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Google is transcoding all freshly uploaded videos into the WebM format on its popular YouTube website, and it wants the world to know about it.

The company, which has been slotting the codec into YouTube in recent months, reaffirmed the move in a blog post yesterday.

Google's back catalogue of most heavily viewed videos (about 30 per cent of its data so far) is being transcoded into WebM, which is supported by Google's Chrome browser, Mozilla's Firefox, and Opera Software's Opera.

The Chrome browser initially offered the royalty-saddled H.264 favoured by rivals Apple and Microsoft, but it was dropped by Google last month in the hopes of speeding up the adoption of WebM online.

However, the addition of the WebM format in YouTube doesn't mean Google has altogether backed out of support for the H.264 codec on its video-sharing site, well, for now at least. It does plan to ditch it at a later stage, however.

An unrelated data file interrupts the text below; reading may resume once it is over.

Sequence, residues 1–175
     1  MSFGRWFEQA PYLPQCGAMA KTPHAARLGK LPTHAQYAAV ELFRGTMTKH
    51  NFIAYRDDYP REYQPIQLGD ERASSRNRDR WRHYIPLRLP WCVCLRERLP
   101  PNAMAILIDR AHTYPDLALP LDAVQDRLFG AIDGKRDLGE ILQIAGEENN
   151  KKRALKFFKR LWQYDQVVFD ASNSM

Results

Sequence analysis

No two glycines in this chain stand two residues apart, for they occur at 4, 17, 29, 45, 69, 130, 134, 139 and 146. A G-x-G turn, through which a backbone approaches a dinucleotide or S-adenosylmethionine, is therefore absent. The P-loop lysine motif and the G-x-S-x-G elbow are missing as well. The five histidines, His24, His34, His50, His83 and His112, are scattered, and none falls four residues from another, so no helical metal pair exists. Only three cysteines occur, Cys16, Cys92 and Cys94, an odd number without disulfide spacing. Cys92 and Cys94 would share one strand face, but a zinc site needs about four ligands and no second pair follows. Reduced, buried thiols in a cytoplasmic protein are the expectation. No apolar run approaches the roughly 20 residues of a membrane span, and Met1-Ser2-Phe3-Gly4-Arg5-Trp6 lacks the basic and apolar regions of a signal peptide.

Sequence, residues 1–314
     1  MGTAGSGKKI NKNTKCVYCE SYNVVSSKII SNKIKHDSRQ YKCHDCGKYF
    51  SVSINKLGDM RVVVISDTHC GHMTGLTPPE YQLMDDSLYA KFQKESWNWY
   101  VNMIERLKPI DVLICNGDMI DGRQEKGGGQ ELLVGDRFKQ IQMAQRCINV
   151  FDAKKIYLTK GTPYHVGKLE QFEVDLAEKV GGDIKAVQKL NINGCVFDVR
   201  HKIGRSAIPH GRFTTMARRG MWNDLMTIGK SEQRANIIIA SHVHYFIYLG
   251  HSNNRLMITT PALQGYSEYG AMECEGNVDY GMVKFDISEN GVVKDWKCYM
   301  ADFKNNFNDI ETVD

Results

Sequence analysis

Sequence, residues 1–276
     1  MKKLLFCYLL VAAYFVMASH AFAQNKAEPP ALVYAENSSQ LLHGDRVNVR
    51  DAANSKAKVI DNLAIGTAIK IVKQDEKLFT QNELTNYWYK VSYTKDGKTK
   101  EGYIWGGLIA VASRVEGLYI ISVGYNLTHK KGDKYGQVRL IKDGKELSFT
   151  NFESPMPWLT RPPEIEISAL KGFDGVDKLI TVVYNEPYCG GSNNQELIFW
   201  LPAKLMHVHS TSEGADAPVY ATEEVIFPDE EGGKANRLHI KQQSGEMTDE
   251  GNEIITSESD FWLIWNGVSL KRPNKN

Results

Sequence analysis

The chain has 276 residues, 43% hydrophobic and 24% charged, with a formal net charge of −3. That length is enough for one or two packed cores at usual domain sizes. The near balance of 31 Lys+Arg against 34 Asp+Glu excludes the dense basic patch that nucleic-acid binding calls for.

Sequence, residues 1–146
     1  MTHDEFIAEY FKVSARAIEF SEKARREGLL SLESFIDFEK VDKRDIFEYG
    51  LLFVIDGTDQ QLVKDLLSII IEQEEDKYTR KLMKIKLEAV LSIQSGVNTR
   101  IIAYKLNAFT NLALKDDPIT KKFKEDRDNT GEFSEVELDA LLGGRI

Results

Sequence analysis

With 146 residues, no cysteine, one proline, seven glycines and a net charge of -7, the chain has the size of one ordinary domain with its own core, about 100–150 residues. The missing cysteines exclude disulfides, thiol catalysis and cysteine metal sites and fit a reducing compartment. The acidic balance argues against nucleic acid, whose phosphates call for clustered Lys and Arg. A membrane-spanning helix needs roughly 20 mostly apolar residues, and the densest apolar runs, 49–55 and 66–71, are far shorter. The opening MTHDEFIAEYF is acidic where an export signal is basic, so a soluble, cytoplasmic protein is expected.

Last year, Google open-sourced the VP8 codec under a royalty-free licence, in a move to create a completely free and open standard for HTML5 web video.

At the same time, Mountain View rolled the codec into a new web media format dubbed WebM.

"In keeping with our goal of making videos universally accessible, we will continue to support H.264 as an important codec for video on YouTube. We are also committed to continuing to develop our HTML5 video player that we announced last year," said Google. ®

Update: This story has been updated to clarify some points about when the WebM format debuted.

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